Speaking at the Pipeline open data standard association’s 2012 user conference in Houston earlier this year, PODS director Janet Sinclair welcomed Chevron and BP into the PODS fold and observed that attendance, 267 from 9 countries with a 50/50 split between operators and service companies, had doubled since 2010.
PODS president Paul Herrmann outlined the organization’s accomplishments and future strategy. 2012 saw the finalization of the 5.1.1 release of the joint PODS/ESRI spatialized database. PODS has also released a major new version– V6.0 of its model and is working on an ‘open’ (i.e. not necessarily ESRI) spatial model. The strategic directions see further growth of the data model with extensions to distribution and gathering and support for international users. The model is also to be modularized to mitigate its growth and facilitate domain-specific deployment. PODS is also developing sample data sets and best practice guides for use.
Sinclair reported from PODS work group activity. The gas distribution model workgroup is evaluating the feasibility of incorporating its gas distribution model into the main PODS model. PODS has also been working with the Geneva, Switzerland headquartered International pipe line and offshore contractors association (Iploca) on data standards for new construction. The idea is to develop a new PODS construction module for use in the front-end engineering design and construction phases of a new onshore or offshore pipeline and to support the transfer of critical ‘as-built’ information from the construction phase into an operator’s PODS database. The initiative would inject pipeline stationing concepts into the design and build phases and allow the linkage of procurement data, field survey and other information across the pipeline lifecycle.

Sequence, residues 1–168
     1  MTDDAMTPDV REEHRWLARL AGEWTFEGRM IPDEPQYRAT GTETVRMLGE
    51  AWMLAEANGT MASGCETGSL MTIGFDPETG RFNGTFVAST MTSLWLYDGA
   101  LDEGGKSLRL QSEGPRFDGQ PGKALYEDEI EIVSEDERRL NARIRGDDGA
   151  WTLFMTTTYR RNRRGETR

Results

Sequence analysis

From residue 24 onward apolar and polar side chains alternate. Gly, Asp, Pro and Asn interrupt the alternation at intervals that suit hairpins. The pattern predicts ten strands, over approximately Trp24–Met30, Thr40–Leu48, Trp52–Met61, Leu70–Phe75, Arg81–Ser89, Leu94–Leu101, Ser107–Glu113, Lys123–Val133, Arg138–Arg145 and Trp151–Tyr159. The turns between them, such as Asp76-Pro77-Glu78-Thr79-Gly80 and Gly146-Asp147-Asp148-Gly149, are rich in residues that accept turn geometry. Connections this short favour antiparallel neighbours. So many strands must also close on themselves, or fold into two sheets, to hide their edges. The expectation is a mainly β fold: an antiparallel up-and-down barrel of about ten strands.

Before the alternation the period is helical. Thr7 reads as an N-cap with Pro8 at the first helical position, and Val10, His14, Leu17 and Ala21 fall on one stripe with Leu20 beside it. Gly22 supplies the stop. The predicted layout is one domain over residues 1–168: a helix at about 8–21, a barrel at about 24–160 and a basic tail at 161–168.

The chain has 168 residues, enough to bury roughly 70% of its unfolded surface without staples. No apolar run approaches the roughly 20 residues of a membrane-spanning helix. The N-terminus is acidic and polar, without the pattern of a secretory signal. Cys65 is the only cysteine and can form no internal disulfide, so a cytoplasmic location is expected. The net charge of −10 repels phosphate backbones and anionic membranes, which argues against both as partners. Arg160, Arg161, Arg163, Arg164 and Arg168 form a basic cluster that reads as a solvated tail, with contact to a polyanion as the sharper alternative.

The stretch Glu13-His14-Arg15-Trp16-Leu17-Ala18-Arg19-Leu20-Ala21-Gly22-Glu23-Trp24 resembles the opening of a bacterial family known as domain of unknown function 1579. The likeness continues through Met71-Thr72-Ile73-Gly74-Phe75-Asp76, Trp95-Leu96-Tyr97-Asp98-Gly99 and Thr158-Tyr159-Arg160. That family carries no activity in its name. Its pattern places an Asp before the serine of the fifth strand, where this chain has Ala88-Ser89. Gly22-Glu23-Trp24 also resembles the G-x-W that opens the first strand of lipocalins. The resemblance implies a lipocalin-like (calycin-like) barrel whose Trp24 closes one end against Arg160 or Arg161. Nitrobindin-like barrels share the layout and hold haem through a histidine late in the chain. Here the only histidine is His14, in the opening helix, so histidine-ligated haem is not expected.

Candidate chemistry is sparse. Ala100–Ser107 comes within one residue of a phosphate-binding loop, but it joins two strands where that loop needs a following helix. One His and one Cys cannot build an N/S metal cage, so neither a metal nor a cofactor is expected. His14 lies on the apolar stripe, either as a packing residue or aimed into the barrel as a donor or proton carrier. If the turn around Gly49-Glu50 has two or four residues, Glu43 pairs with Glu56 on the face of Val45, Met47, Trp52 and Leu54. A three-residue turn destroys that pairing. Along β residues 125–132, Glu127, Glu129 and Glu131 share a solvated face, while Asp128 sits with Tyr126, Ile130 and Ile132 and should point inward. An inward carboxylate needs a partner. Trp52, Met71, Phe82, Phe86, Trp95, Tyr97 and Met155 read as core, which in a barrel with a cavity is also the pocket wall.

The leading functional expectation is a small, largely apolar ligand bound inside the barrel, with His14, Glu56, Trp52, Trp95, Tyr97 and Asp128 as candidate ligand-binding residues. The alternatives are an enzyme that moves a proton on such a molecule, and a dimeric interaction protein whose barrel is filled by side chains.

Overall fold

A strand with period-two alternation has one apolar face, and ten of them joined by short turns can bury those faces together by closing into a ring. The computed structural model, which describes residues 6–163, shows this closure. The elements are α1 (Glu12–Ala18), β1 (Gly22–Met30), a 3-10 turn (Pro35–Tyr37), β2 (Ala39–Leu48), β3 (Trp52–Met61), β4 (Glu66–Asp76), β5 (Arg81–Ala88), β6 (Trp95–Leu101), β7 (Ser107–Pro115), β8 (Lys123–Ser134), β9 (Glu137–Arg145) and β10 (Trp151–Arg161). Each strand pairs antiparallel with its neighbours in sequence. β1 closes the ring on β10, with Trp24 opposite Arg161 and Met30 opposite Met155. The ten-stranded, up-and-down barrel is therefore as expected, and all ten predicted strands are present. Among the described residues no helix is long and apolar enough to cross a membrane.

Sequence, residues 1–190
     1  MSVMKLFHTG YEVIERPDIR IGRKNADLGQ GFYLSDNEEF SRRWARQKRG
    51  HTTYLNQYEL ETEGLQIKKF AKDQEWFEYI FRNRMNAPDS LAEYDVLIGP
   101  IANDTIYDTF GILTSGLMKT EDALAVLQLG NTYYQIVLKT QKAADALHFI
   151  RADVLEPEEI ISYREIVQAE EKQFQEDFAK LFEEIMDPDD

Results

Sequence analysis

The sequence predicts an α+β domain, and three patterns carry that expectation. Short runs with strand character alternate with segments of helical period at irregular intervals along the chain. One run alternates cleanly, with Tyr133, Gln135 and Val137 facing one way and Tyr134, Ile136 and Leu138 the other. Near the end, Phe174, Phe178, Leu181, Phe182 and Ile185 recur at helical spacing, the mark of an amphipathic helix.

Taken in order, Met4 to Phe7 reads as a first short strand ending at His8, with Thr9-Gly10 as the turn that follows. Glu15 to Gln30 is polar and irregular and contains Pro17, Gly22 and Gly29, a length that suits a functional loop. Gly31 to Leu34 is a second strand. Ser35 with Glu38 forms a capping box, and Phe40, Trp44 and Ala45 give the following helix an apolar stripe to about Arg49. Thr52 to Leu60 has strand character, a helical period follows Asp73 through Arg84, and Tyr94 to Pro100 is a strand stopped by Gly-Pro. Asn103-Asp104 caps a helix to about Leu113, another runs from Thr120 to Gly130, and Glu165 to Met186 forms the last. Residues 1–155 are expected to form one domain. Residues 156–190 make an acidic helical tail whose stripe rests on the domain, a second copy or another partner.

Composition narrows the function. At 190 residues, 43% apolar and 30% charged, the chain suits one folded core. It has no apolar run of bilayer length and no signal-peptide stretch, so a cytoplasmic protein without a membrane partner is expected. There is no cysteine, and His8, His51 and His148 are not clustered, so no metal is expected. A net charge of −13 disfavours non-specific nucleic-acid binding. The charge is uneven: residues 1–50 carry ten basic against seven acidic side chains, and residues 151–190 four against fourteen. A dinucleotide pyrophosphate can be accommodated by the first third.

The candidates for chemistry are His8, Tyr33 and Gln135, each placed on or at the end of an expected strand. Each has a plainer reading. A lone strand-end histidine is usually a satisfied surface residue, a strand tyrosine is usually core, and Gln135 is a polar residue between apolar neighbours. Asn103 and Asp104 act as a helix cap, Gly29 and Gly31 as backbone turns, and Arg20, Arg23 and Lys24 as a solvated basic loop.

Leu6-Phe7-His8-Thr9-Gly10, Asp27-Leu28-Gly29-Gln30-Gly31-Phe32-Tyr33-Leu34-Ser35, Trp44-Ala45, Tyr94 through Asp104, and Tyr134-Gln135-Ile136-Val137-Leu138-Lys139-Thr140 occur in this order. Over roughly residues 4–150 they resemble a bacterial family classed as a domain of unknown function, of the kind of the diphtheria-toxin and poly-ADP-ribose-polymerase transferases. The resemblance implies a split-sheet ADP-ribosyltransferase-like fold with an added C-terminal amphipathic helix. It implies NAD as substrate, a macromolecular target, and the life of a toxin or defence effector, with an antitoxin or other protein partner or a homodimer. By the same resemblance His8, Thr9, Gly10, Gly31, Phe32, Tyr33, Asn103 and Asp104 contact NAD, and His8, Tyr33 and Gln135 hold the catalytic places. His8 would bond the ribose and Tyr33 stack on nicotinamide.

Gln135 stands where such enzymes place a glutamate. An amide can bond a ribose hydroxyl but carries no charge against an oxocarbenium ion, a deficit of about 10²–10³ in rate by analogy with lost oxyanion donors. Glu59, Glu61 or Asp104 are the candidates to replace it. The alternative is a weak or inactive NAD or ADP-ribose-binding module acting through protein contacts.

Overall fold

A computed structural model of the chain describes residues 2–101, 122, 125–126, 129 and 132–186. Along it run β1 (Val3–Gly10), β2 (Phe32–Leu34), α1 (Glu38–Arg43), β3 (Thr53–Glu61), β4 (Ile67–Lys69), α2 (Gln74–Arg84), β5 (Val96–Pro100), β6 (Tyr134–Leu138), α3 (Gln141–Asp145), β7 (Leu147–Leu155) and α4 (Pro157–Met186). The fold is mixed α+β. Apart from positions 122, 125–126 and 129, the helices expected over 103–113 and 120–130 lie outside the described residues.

Tim Williams of Boardwalk Pipelines presented the PODS open spatial project that builds on the Open geospatial consortium’s (OGC) standard portfolio. For operators, storing data in a standard, open way means access to a larger pool of potential service and application providers. Whereas the current flavor of PODS Spatial requires GIS specialists for its management, PODS open spatial is Microsoft and Oracle compatible and can be managed by ‘standard’ IT resources. This potentially means that GIS functionality like proximity-based searching is available to non-GIS developers using an extended SQL library.
Gary Hoover described ‘Project 2020,’ Enterprise Products’ ground-up redesign of its midstream assets data model. The 2020 objectives include an engineering stationing-less deployment, an embedded open source database and open geospatial data types covering all midstream facilities and a service-oriented architecture. Hoover observed that the current highly normalized PODS model meant that a query for a single joint of pipe involves 30 Tables, 46 Table Joins and some 49 records. Even moderate denormalization means a 90% reduction in the number of joins and records required. Migrating from the proprietary spatial model to the OGC can eliminate data reformatting for mapping. The prototype also promises a 90% reduction in storage needs for inline inspection data. Overall Hoover reports a 10x reduction in model opex and ‘better alignment with current GPS survey techniques.’ Read the PODS presentations here.
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